BOSTON – Janitors in the Boston area entered their third week of striking the office building cleaning contractors with continued picket lines, marches, demonstrations and acts of civil disobedience to call attention to their plight and some victories.

Declarations and actions supporting the janitors, members of Service Employees International Union Local 615/254, continue to grow as the union went out on strike after months of negotiations with the Maintenance Contractors of New England, an association of 30 cleaning companies.

The union says that janitors in Massachusetts and Rhode Island are behind what their counterparts get in wages and benefits in other major cities throughout the country.

The union is using a comment reported in the Boston Herald by the negotiator for the Maintenance Contractors of New England, James Canavan, that the janitors “seem to cling to the idea they want to see more full-time jobs with more people having health insurance,” as a way to show the thinking of the cleaning companies. Canavan is a vice-president of Unicco Service Company, the largest cleaning company in the area.

Fourteen supporters of the janitors were arrested Oct. 10 in downtown Boston. Among those arrested were State Rep. Jarrett Barrios, who is running for the State Senate, and Gary Dotterman, candidate for the Boston City Council from the Allston-Brighton area. Dotterman echoed Barrios’ statement that public officials must support workers’ rights.

In a major symbolic victory, Acting Governor Jane Swift announced on Oct. 9 that the Commonwealth of Massachusetts would cancel its cleaning contract with Unicco because of its refusal to extend health benefits to more workers and failure to provide more opportunities to move into full-time positions. Swift said that the cleaning contract would be put out to bid and that preference would be given to companies that provide more health insurance and full-time work. Swift urged other building owners to take action, saying that those “who contract with the cleaning companies … be very clear about what our expectations are.”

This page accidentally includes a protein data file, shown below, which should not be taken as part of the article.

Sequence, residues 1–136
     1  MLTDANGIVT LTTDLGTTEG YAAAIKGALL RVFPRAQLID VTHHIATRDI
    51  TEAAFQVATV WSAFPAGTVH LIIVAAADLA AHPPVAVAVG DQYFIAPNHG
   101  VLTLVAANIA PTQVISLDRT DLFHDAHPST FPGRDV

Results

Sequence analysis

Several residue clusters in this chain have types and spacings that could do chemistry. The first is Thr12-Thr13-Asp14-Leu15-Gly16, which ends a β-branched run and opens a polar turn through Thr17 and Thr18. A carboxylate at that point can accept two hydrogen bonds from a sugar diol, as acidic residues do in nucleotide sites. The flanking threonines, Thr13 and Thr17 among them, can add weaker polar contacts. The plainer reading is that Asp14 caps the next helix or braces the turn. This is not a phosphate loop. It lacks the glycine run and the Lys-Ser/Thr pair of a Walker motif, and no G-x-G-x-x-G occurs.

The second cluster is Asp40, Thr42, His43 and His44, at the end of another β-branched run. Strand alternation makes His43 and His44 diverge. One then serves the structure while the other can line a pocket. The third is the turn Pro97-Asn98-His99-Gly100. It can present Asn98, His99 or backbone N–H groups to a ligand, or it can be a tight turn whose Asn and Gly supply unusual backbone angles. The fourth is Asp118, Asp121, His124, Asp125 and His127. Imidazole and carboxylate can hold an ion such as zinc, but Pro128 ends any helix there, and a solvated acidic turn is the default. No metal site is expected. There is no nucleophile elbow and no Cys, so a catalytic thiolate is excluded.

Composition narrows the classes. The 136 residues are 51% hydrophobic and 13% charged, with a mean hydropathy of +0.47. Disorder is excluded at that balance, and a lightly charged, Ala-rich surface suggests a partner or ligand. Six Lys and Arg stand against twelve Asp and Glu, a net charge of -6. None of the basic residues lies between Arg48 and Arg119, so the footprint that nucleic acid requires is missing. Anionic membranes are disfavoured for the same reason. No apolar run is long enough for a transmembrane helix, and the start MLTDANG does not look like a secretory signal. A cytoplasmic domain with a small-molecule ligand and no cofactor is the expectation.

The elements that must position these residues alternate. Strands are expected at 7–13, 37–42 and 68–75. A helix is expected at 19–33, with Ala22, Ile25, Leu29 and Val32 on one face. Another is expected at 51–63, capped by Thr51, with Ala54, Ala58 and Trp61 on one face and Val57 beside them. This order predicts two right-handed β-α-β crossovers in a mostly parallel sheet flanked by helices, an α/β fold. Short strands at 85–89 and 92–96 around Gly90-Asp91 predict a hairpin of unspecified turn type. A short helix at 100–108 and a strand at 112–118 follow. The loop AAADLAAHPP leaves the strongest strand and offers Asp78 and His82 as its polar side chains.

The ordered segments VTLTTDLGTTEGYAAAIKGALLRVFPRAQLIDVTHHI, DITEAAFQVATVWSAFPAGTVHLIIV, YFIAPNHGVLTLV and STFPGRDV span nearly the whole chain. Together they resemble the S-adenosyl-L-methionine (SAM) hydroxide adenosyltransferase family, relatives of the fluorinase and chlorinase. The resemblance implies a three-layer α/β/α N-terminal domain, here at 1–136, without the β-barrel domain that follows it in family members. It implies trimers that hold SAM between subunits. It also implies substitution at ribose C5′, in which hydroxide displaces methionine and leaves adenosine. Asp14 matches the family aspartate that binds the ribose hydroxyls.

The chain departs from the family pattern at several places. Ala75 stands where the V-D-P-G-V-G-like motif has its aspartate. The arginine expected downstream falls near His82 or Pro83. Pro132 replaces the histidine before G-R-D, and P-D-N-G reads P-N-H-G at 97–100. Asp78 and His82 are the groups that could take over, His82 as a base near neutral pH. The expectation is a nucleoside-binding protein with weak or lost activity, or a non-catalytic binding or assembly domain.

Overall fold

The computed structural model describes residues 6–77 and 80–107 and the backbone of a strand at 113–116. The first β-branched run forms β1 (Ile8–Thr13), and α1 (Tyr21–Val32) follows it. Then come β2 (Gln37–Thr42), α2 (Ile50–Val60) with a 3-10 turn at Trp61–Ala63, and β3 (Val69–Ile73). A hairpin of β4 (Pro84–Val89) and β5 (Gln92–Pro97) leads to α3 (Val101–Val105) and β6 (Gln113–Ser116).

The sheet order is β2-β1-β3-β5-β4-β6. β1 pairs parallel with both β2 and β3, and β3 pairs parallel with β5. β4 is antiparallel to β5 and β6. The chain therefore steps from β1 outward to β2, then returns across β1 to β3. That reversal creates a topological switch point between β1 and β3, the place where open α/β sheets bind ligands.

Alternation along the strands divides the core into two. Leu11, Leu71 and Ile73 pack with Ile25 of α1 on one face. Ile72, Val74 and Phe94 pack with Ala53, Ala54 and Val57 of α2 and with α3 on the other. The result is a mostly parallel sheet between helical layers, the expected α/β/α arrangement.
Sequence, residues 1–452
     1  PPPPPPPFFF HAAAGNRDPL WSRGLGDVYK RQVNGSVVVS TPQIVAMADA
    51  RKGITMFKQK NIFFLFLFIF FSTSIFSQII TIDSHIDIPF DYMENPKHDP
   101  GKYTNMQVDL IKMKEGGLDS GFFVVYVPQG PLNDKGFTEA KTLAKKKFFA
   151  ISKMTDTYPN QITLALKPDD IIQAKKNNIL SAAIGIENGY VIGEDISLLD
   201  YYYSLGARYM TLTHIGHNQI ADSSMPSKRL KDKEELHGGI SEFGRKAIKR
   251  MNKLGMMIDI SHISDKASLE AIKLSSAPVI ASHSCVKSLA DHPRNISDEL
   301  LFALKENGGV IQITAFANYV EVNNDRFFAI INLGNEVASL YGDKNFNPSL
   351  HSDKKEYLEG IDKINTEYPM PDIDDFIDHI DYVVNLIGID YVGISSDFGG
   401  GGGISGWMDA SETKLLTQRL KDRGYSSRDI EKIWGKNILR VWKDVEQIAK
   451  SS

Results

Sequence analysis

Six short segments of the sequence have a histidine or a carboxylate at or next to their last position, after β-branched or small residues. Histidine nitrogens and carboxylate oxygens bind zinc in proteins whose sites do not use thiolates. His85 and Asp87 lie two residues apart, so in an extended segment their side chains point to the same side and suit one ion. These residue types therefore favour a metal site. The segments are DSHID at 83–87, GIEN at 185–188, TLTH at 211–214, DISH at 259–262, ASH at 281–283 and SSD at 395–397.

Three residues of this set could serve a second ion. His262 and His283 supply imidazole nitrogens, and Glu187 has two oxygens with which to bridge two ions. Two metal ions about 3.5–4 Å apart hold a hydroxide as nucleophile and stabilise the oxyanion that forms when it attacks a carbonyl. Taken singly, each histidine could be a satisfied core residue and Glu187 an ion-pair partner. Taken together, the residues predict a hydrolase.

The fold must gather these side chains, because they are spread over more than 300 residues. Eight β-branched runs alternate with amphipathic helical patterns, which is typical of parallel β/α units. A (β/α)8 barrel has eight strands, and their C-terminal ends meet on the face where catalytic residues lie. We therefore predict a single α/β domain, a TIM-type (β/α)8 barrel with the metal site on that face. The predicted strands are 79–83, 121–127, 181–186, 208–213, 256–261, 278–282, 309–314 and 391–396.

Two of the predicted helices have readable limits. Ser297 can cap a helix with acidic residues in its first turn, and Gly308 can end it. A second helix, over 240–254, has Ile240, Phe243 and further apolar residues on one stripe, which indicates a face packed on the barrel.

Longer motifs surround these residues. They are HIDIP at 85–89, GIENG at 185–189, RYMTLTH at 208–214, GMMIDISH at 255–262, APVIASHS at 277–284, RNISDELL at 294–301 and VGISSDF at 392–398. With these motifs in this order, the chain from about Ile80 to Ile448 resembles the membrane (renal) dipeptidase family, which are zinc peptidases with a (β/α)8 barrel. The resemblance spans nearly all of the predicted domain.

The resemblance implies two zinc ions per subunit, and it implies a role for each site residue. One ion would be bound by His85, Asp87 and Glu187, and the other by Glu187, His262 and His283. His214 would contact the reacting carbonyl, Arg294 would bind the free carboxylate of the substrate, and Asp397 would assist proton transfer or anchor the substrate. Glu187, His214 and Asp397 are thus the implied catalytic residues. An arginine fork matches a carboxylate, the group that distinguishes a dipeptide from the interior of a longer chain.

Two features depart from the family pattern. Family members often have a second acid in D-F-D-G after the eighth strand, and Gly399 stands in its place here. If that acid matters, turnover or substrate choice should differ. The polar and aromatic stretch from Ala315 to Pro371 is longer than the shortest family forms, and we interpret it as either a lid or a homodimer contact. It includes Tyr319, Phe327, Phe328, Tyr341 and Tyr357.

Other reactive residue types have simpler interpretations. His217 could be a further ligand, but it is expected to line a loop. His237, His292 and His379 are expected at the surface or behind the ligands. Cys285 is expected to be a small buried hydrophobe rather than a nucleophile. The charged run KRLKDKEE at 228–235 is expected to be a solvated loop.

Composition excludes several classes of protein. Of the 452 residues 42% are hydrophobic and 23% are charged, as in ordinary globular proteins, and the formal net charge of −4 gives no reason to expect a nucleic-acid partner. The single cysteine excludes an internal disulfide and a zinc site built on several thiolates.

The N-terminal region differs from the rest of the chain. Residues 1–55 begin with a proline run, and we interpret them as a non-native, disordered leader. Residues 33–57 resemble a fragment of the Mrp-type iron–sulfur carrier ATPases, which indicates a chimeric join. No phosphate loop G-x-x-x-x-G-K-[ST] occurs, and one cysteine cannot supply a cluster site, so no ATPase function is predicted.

The union janitors cancelled their plans to strike and picket the four state buildings cleaned by Unicco janitors. Many feared that state workers, who are represented by various unions, including SEIU, would refuse to cross the picket lines.

Previously, six cleaning companies broke ranks with the Maintenance Contractors of New England and agreed to lower the number of hours worked that would trigger health insurance coverage for their employees. These companies employ about one-fifth of the janitors represented by Local 615/254.

A number of building owners have publicly stated that they are willing to pay more for cleaning services so that the janitors would get their demands.

On Oct. 19, Massachusetts Jobs with Justice and SEIU are sponsoring a mass demonstration and march in support of the striking janitors, who are mostly women and immigrants. Other support demonstrations have taken place in a number of cities throughout the United States.

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